Foreign Expertise
Japan is well ahead of the U.S. in the use of unmanned aerial systems for agriculture. In 1983, the Japanese government asked Yamaha to help it develop an unmanned helicopter for agricultural duties. The country was faced with an aging farming population and wanted to make things like spraying more efficient, according to Steve Markofski, a U.S.-based new business planner for the company. In 1991, he says, Yamaha began to market its first ag-oriented unmanned helo, the R50. Today, 2,150 Yamaha RMAX unmanned helos spray about 2.5 million acres a year in Japan, covering about 40 percent of the country’s rice paddies. The government backed the idea from the beginning, with the Japanese department of agriculture responsible for regulation.

Yamaha RMAXs spray approximately 2.5 million acres a year in Japan. Photo courtesy Yamaha Corp.

Yamaha hopes to translate its success in Japan to the U.S. One area that it thinks is promising is spraying vineyards. Yamaha is testing the idea, under a certificate of authorization from the FAA, by flying over vineyards in Napa, Calif. They’re about the same size as rice paddies in Japan, five acres or so, and therefore a good match to the RMAX’s four-gallon chemical payload capacity, Markofski says. Tractors, traditionally used in Napa vineyards, can spray about two acres an hour, but RMAX can do 12 to 15 acres an hour. And with RMAX, Markofski says, there’s no soil compaction, no crop damage, the operator is not exposed to chemicals and it is safer, because he doesn’t have to drive in challenging terrain, like slippery hills. “We’re looking at areas [in the U.S.] that we think align directly to the RMAX, and vineyards is one that jumped out at us,” Markofski says.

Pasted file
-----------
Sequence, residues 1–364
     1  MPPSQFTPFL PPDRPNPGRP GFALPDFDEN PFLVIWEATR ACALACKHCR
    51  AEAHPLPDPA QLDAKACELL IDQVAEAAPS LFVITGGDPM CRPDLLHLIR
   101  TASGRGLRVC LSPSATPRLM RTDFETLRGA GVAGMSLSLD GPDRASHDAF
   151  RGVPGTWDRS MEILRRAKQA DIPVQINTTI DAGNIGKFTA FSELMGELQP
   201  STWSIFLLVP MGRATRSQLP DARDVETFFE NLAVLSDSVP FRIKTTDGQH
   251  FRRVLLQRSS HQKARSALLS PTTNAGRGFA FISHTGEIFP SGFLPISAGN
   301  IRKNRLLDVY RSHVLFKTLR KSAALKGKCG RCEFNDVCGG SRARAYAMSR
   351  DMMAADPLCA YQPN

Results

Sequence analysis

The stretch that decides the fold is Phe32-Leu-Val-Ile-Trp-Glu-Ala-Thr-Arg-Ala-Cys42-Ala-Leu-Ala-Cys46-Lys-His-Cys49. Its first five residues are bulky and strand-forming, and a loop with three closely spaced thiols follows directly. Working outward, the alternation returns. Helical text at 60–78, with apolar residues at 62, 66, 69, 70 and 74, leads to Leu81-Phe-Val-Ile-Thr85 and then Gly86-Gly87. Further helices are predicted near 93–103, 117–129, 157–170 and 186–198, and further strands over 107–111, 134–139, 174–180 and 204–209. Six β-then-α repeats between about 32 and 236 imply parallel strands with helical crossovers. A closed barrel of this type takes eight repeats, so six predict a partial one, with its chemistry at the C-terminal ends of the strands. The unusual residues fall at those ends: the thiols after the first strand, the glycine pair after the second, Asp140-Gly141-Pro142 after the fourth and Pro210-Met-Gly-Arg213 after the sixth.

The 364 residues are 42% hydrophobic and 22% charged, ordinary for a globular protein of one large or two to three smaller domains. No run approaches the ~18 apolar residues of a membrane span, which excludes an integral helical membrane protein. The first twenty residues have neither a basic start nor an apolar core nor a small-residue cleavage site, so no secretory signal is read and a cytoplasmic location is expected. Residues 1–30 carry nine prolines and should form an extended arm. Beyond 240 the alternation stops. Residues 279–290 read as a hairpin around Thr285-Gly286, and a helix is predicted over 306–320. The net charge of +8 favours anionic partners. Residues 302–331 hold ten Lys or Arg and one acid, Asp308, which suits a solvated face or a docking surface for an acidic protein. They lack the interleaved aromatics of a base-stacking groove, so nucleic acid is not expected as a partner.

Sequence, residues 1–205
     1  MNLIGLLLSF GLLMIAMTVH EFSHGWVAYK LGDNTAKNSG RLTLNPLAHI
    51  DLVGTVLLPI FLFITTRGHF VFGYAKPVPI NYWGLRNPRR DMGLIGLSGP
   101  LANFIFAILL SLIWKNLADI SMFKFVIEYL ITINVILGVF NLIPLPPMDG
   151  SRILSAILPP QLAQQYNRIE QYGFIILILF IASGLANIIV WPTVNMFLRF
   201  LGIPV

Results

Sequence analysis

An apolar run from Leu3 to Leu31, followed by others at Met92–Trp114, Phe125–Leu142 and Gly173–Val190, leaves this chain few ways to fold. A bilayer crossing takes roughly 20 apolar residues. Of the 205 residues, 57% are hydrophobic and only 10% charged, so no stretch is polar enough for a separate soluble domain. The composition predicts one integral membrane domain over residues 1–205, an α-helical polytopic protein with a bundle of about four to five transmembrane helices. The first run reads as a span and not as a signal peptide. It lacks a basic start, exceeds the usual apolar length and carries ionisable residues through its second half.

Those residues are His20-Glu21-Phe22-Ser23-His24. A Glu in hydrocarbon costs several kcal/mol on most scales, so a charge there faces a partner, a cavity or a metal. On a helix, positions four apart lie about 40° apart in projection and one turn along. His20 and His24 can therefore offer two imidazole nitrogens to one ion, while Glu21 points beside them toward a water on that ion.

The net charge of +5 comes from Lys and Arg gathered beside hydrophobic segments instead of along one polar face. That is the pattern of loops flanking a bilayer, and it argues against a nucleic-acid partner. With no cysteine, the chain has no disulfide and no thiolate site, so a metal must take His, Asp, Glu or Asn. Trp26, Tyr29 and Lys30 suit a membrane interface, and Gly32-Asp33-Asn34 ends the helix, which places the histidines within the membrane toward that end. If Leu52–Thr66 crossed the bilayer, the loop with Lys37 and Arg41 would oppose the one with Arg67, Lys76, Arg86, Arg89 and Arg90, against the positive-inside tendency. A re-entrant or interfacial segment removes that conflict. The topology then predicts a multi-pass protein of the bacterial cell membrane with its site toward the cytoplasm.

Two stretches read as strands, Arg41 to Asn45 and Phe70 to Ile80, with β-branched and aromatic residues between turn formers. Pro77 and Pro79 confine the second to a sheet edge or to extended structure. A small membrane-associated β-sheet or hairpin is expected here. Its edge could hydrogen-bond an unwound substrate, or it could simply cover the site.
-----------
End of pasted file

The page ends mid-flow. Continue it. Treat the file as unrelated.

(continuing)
Canada’s MicroPilot also is waiting for a green light from the FAA. The company, based in Winnipeg, Manitoba, is a leading manufacturer of UAS autopilots as well as the maker of CropCam, a camera-toting fixed-wing UAS that has made a name for itself in crop monitoring. CropCams have been sold in places like Kazakhstan, Southeast Asia and South America, but approval to fly in the U.S. would be a big boost, says Pierre R. Pepin, vice president of sales and marketing. He says one business model might be to work with those who sell pesticides, for example. They also could sell UAS services. A customer would therefore not only get a product from the seller, but also precise images of his crops.

“Once you’re allowed to fly,” Pepin says, “it doesn’t take a whole lot of imagination to see how you can use those little birds.”

[This article first appeared in AUVSI’s Mission Critical‘s agriculture issue.]

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Rich Tuttle is a longtime aerospace and defense journalist and contributor to AUVSI’s publications.
Rich Tuttle is a longtime aerospace and defense journalist and contributor to AUVSI’s publications.